“What we’re finding is that once these systems reach ages of a few million years, their disks begin to show a wealth of structure–rings, divots, gaps and now spiral features,” said John Wisniewski, a collaborator at the University of Washington in Seattle. “Many of these structures could be caused by planets within the disks.”

Grady’s research is part of the Strategic Exploration of Exoplanets and Disks with Subaru (SEEDS), a five-year-long near-infrared study of young stars and their surrounding dust disks using the Subaru Telescope atop Mauna Kea in Hawaii. The international consortium of researchers now includes more than 100 scientists at 25 institutions.

“These arm-like structures have been predicted by models, but have never before been seen,” said Maria Womack, program director for the division of Astronomical Sciences at NSF. “It is the first observation of spiral arms in a circumstellar disk, and an important test for models of planetary formation.”

Source: National Science Foundation news release.

Hubble surveys galaxy clusters, looks for dark matter effects

Photo: Hubble Space Telescope image of galaxy cluster MACS J1206.2-0847
Hubble Space Telescope image of galaxy cluster MACS J1206.2-0847. Credit: NASA, ESA, M. Postman (STScI) and the CLASH Survey Team

October 13 — The NASA/ESA Hubble Space Telescope has been used to make an image of galaxy cluster MACS J1206.2-0847. The apparently distorted shapes of distant galaxies in the background is caused by an invisible substance called dark matter, whose gravity bends and distorts their light rays. MACS 1206 has been observed as part of a new survey of galaxy clusters using Hubble.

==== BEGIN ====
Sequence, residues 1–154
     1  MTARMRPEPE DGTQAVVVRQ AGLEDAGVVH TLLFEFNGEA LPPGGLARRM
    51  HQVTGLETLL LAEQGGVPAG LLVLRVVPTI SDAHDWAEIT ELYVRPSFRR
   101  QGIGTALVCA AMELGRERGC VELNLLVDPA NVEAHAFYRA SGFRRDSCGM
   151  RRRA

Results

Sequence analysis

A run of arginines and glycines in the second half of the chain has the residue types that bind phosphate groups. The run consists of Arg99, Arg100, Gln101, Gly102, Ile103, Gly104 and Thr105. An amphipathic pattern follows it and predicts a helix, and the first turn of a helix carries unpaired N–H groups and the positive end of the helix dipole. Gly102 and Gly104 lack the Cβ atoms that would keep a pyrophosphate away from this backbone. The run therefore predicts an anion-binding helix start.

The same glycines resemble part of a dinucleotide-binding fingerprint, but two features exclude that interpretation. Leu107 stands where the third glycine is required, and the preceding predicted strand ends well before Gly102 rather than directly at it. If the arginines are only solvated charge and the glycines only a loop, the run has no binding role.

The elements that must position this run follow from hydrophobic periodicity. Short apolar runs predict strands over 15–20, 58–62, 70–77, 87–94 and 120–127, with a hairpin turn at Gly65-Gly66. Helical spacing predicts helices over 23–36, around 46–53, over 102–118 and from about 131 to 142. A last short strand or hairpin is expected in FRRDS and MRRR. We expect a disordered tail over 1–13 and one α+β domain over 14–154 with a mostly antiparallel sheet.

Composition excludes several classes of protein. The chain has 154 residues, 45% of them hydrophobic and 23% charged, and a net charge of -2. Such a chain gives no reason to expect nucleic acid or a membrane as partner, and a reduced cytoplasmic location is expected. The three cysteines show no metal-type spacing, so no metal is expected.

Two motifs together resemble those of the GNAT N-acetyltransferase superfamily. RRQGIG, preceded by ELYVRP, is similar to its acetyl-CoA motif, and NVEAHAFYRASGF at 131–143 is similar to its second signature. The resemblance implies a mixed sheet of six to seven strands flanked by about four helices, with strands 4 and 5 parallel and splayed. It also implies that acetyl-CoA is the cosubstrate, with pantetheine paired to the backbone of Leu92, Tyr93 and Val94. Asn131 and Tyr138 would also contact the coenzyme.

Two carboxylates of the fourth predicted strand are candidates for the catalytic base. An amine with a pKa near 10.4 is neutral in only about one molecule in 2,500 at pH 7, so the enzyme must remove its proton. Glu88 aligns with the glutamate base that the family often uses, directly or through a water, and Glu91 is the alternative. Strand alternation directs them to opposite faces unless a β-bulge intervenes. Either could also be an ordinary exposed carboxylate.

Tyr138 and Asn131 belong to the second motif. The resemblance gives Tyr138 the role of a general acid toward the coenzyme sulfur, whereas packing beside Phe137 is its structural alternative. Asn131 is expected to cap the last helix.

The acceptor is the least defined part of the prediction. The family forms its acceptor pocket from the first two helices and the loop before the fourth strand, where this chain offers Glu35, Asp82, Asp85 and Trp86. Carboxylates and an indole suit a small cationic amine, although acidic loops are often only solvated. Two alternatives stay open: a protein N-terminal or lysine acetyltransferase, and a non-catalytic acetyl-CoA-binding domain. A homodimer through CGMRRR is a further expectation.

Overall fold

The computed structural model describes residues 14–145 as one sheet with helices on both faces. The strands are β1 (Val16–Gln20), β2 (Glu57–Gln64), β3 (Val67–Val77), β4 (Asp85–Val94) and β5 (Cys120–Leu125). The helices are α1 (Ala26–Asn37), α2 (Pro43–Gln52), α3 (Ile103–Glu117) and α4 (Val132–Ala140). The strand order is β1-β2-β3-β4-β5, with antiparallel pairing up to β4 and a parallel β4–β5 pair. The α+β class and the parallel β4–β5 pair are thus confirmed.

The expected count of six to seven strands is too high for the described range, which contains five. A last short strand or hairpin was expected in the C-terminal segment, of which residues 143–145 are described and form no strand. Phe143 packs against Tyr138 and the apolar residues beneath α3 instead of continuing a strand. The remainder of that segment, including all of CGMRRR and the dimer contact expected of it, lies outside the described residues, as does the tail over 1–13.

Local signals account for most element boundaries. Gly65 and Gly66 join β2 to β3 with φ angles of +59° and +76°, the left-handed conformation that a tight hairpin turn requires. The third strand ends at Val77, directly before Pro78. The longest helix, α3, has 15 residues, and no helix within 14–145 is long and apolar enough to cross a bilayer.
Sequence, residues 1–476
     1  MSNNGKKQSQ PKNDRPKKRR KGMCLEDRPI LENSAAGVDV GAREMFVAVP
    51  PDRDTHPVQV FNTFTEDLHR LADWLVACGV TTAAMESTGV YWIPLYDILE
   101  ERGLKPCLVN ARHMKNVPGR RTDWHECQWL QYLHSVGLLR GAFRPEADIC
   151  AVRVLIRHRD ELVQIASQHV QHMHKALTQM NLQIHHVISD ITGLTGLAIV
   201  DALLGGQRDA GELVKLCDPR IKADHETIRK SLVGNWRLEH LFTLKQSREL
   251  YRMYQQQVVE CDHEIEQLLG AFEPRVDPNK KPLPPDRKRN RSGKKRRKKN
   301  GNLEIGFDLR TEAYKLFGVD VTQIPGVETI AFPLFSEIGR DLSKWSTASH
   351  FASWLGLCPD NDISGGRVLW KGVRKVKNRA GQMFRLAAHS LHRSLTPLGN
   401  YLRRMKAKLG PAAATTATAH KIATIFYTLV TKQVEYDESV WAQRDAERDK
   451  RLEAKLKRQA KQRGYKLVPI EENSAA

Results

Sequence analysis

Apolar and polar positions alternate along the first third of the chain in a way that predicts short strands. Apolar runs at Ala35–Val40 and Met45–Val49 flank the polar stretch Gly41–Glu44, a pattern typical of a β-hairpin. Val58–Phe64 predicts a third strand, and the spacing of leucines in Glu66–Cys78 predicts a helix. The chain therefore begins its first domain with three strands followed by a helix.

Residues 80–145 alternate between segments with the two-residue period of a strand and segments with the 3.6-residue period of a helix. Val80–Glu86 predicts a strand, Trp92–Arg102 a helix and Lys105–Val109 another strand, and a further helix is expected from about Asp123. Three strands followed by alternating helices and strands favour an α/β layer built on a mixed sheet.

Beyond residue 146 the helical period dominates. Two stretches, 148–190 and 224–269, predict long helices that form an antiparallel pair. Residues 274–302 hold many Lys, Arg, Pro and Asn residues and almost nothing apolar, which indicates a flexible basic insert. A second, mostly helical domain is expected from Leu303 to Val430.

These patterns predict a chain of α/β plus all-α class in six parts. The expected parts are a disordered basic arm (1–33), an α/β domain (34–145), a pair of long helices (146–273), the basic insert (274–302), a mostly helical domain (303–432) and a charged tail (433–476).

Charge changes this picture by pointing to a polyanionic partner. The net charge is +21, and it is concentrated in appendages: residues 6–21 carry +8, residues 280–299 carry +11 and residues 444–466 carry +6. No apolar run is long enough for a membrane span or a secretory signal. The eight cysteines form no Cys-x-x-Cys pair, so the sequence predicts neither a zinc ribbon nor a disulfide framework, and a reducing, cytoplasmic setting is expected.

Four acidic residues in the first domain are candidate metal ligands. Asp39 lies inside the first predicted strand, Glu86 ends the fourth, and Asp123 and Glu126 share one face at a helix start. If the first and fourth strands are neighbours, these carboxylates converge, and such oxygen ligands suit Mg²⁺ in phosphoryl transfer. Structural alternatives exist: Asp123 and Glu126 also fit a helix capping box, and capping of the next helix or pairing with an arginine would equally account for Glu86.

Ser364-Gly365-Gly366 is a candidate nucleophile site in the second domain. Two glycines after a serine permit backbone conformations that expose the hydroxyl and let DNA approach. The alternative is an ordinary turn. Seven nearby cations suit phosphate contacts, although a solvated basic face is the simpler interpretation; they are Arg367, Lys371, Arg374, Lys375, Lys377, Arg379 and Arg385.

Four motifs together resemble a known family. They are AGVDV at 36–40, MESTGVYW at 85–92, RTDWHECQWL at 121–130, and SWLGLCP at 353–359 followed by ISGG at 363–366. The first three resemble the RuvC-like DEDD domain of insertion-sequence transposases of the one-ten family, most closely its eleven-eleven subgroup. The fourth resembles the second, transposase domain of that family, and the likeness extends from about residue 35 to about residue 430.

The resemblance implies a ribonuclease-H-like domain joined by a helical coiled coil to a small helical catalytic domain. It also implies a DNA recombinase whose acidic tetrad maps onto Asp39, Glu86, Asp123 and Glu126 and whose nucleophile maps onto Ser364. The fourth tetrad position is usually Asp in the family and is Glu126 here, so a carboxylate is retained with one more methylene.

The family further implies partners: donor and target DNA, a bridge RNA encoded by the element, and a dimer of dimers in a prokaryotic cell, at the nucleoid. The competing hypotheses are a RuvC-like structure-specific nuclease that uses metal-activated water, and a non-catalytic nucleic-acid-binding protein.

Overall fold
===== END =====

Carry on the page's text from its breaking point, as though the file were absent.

Cluster MACS J1206.2-0847 (or MACS 1206 for short) is one of the first targets in a Hubble survey that will allow astronomers to construct the highly detailed dark matter maps of more galaxy clusters than ever before. These maps are being used to test previous but surprising results that suggest that dark matter is more densely packed inside clusters than some models predict. This might mean that galaxy cluster assembly began earlier than commonly thought.

The Cluster Lensing And Supernova survey with Hubble (CLASH) probes, with unparalleled precision, the distribution of dark matter in 25 massive clusters of galaxies. So far, the CLASH team has observed six of the 25 clusters.

Dark matter makes up the bulk of the Universe’s mass, yet it can only be detected by measuring how its gravity tugs on visible matter and warps the fabric of space-time like a fairground mirror so that the light from distant objects is distorted.

Galaxy clusters like MACS 1206 are perfect laboratories for studying dark matter’s gravitational effects because they are the most massive structures in the Universe to be held together by gravity. Because of their immense gravitational pull, the clusters act like giant cosmic lenses, amplifying, distorting and bending any light that passes through them — an effect known as gravitational lensing.

Lensing effects can also produce multiple images of the same distant object, as is evident in this Hubble picture. In particular, the apparent numbers and shapes of the distant galaxies far beyond a galaxy cluster become distorted as the light passes through, yielding a visible measurement of how much mass there is in the intervening cluster, and how it is distributed. The substantial lensing distortions seen are proof that the dominant mass component of the clusters is dark matter. The distortions would be far weaker if the clusters’ gravity came only from visible matter.